SEATTLE-- Test flights for the re-certification of the Boeing 737 MAX started Monday at Boeing Field in Seattle.
According to the Associated Press and Seattle Times, the 737 MAX flew east from Seattle, landing an hour and 20 minutes later in Moses Lake, and early this evening, the plane landed back at Boeing Field.
Boeing Co. and U.S. Federal Aviation Administration (FAA) pilots and test crews will work with the 737 MAX over a three-day certification test campaign, sources familiar with the matter told Reuters.
These test flights will allow the FAA to re-evaluate the proposed changes to the MCAS (Maneuvering Characteristics Augmentation System) inside the 737 MAX aircrafts. The automated flight control system software activated erroneously in two major crashes in 2019, killing a combined total of 346 people.
The re-certification of the planes mark a milestone for the Boeing company after the 737 MAX grounding, and most recently, as airline travel numbers have vastly declined in the last five months due to the coronavirus pandemic.
According to TSA (Transportation Security Administration), this time last year, over 2.6 million traveled through airports. Today, approximately over 630,000 passengers passed through TSA checkpoints.
On Sunday, the FAA confirmed to U.S. lawmakers that an agency board has completed a review of the 737 MAX planes, clearing Boeing to begin flying them for certification testing.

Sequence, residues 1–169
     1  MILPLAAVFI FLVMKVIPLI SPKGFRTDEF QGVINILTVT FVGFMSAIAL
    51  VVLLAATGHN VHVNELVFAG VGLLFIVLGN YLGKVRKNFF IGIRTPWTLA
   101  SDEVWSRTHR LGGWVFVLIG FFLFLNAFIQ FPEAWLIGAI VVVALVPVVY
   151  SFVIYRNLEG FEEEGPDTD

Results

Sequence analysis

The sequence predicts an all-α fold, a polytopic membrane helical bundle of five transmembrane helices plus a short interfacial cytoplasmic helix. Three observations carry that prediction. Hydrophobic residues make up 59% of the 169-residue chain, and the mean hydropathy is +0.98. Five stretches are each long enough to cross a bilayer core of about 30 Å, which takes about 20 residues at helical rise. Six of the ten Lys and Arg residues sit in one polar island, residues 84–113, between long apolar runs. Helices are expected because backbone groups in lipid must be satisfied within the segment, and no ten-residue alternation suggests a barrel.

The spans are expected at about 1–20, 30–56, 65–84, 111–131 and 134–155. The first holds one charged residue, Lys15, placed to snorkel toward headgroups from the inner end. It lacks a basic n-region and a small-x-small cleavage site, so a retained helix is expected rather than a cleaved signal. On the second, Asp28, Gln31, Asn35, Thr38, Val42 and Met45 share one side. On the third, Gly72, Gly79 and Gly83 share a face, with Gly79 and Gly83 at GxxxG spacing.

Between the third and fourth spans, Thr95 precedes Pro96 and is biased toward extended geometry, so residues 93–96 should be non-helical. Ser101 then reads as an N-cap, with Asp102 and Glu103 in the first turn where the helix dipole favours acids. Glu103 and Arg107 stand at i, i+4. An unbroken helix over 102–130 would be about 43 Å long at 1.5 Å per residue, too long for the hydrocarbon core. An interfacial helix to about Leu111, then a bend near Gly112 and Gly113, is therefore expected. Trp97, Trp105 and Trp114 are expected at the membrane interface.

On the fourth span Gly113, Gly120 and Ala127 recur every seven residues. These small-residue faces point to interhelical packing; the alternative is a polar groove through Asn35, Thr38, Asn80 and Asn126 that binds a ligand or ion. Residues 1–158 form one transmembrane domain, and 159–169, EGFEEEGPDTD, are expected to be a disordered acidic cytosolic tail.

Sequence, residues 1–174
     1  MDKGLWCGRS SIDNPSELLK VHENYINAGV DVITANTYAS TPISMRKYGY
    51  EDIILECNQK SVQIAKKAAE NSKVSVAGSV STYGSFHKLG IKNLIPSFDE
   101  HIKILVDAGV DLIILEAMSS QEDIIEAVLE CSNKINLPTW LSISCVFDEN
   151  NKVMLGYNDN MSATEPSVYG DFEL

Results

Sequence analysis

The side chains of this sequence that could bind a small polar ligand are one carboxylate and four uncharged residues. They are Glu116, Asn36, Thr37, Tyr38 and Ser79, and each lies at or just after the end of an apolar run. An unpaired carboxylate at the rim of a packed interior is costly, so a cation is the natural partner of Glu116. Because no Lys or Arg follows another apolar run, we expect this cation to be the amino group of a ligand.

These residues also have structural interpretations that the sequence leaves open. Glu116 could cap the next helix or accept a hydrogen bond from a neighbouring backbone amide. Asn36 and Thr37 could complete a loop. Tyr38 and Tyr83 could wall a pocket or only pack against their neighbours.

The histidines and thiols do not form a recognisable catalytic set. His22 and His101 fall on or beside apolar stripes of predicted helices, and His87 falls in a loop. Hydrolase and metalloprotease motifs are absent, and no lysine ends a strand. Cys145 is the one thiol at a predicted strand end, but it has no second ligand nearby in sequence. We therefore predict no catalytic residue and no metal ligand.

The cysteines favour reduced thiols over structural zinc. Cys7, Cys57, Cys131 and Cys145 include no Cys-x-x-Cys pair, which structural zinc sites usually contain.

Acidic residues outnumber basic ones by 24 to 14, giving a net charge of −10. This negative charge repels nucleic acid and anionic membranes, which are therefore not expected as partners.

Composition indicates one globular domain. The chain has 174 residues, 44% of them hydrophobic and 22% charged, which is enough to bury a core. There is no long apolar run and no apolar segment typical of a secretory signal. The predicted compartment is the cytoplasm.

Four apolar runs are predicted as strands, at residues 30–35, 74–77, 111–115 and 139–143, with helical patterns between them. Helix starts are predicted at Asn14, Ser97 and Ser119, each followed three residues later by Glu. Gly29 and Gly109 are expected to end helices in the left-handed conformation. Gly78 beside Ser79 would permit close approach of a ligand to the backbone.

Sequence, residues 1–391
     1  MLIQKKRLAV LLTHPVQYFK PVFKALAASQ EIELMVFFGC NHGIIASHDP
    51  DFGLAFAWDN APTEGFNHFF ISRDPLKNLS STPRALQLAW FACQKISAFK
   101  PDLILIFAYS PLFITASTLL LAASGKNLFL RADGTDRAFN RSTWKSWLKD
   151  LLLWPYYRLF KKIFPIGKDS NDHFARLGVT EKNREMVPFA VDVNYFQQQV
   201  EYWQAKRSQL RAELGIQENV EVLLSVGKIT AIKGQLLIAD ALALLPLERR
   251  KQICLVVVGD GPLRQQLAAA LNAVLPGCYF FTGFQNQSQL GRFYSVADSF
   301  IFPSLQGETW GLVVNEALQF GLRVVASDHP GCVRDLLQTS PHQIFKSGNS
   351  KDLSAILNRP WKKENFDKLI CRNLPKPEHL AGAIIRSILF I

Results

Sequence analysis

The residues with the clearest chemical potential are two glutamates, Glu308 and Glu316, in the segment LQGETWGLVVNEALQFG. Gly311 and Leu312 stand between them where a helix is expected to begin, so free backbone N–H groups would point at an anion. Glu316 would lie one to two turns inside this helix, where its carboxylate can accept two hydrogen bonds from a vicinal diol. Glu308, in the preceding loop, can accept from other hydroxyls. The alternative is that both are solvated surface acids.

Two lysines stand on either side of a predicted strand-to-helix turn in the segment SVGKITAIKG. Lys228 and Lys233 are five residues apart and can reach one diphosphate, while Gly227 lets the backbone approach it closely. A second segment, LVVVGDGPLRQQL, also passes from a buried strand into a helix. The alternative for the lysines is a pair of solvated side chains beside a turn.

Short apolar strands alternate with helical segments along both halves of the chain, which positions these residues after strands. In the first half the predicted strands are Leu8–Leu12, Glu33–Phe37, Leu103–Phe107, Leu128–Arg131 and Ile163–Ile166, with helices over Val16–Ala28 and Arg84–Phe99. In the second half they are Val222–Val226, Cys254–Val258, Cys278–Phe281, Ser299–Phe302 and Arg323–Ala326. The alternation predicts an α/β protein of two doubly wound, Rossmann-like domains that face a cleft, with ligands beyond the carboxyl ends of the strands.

For the certification testing, after a pre-flight briefing that could take several hours, crews will be outfitted with test equipment and start training at Boeing Field in Seattle, a source told Reuters.
Included in the testing will be methodically scripted mid-air scenarios, such as steep-banking turns and progressing into more extreme maneuvers in a flight route primarily over Washington state, sources told Reuters.
Additional tests may include other routine aircraft techniques such as 'touch-and-go' landings at the Moses Lake airport, and flights over the Pacific Ocean coastline. Flights will be adjusted based on flight plans, weather and additional factors, sources said.
During the training, pilots will also trigger reprogrammed, stall-prevention software, known as MCAS. This software was believed to be a faulty device in both crashes in 2019, causing aerodynamic stall conditions, sources said.
Boeing declined to comment about the test flights on Sunday. An email from the FAA stated testing "will include a wide array of flight maneuvers and emergency procedures to enable the agency to assess whether the changes meet FAA certification standards," according to Reuters.
Last week, U.S. safety officials required all 737 MAX planes to be inspected for any manufacturing defects on engine coverings that they say could lead to loss of power during flights.
Inspections and repairs, if needed, will be required before the grounded planes are allowed to fly again, according to a notice posted by the FAA.
It is not clear whether the engine-covering defect will further push back Boeing’s goal of getting the planes back in the sky this year. The company needs clearance from the FAA before the planes can fly again.
The FAA order affects 128 MAX jets registered to U.S. airlines American, Southwest and United.